If the court grants the re- In Virginia, if the defendant in an inquest, the entry on the record is not dictment for an assault and battery, 'quod cognovit indictamentum,' as in or other misdemeanor, for which no the case of an express confession, particular fine is prescribed by statute, but 'quod non vult contendere cum confesses the truth of the indictment domino rege, et se posuit in gratiam by a plea of guilty, the court cannot curiæ' and the defendant is not put to proceed to assess the fine, but a jury a more direct confession. 1 Chitty,

must be called for that purpose. Code, Crim. Law, 431. The effect of such chap. 199, § 24. Cases of special fines an implied confession is not the same prescribed by statute are governed by as that of a direct and express con- $ 3, chap. 43 of the Code. It is not fession by the plea of guilty.. necessary, therefore, in order to afIt is material to inquire whether this ford a foundation for the judgment, proceeding on the part of a defendant as it is in the case of a 'submission,' to involves such a confession of the truth regard the proceeding as implying a of the charge made in the indictment confession of guilt, for the purposes as to make it admissible at all as evi- of the case. Such a confession is dence against him in a civil action. neither necessary nor sufficient to supThe essential difference between the port the judgment. The judgment in effect of a direct express confession, such a case stands on no other foundaand that of a confession implied tion than the consent of the defendant, upon a nolo contendere seems to given in pursuance of the compromise be clearly marked by the difference with the commonwealth, that judgin the form of the entry. The direct ment may be entered up against him confession is an acknowledgment of for the fine agreed upon. Nor is there the fact charged in the indictment, anything in the fact of proposing or and accordingly the entry is 'cognovit assenting to such a compromise arindictamentum.' No such entry is rangement which necessarily implies made upon the plea of nolo conten- an admission of guilt. A defendant dere, which indicates that it is not may be, and often is, induced to adopt understood as an acknowledgment of that course by other considerations. the fact charged. The entry in such But if the proceeding can justly be rea case imports merely that the defend- garded as implying a confession of ant is willing and desirous, if the guilt for the purposes of the case, the court will allow it, to pay a small fine reasons for excluding the record in in order to get rid of the prosecution. case of a nolo contendere, as evidence Such a proceeding on the part of the against the defendant in a civil acdefendant implies a confession 'in a tion, apply with at least equal force to manner,' as Hawkins says, of the truth a confession of judgment under our of the charge. But it is strictly practice.” speaking, only an agreement on the And there is authority to the effect part of the defendant, that the fact that a plea of nolo contendere, which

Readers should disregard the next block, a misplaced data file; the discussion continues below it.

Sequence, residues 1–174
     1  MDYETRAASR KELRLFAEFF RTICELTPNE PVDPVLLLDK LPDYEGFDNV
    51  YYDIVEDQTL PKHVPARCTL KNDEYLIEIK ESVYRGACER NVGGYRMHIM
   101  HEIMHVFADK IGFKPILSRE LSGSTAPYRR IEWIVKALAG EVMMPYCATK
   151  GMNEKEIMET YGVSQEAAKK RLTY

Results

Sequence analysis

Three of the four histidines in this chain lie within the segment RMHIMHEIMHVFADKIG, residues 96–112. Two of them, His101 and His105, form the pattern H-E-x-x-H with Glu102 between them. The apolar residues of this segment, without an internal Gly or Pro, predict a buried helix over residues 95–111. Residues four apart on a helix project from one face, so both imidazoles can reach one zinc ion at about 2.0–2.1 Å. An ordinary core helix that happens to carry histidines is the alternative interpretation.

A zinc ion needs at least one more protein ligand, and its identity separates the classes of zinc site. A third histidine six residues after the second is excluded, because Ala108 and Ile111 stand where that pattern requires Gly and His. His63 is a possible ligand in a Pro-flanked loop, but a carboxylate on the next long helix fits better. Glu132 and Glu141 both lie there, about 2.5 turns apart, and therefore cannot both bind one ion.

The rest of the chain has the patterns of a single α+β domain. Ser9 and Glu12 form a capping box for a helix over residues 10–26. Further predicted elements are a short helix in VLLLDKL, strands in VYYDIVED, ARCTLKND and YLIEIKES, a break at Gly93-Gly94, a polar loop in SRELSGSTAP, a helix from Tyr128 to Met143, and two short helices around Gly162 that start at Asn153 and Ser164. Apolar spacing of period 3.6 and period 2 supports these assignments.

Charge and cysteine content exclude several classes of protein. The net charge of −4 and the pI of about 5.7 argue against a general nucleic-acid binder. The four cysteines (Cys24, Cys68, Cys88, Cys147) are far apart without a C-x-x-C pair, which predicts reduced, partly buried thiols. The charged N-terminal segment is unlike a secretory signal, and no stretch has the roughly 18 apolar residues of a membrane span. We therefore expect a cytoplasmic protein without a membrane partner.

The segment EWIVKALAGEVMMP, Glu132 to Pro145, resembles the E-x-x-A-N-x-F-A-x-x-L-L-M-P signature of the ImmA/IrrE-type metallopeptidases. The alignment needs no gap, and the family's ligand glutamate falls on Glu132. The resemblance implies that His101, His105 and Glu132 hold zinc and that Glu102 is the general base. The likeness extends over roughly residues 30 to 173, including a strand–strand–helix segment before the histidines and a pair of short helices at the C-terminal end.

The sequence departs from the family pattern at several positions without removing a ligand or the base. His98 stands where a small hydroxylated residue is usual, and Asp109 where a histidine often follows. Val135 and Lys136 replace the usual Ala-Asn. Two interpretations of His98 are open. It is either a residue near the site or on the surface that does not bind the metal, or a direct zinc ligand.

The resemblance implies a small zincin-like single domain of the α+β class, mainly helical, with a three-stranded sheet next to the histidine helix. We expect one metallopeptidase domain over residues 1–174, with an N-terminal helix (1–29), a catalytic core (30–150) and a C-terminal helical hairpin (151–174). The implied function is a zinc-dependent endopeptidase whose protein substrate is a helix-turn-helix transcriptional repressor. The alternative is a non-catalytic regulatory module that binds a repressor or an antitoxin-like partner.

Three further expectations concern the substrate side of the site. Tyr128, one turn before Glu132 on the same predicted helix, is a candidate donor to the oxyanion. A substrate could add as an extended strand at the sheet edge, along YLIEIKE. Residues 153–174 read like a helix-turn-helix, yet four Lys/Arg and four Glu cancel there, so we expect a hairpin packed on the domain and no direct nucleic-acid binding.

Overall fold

is generally defined as in effect an im- a civil action brought against him for plied confession (as distinguished the same matter. But this conclusion from a direct admission) of guilt, apparently stands alone, and has been whereby the defendant throws himself severely criticized.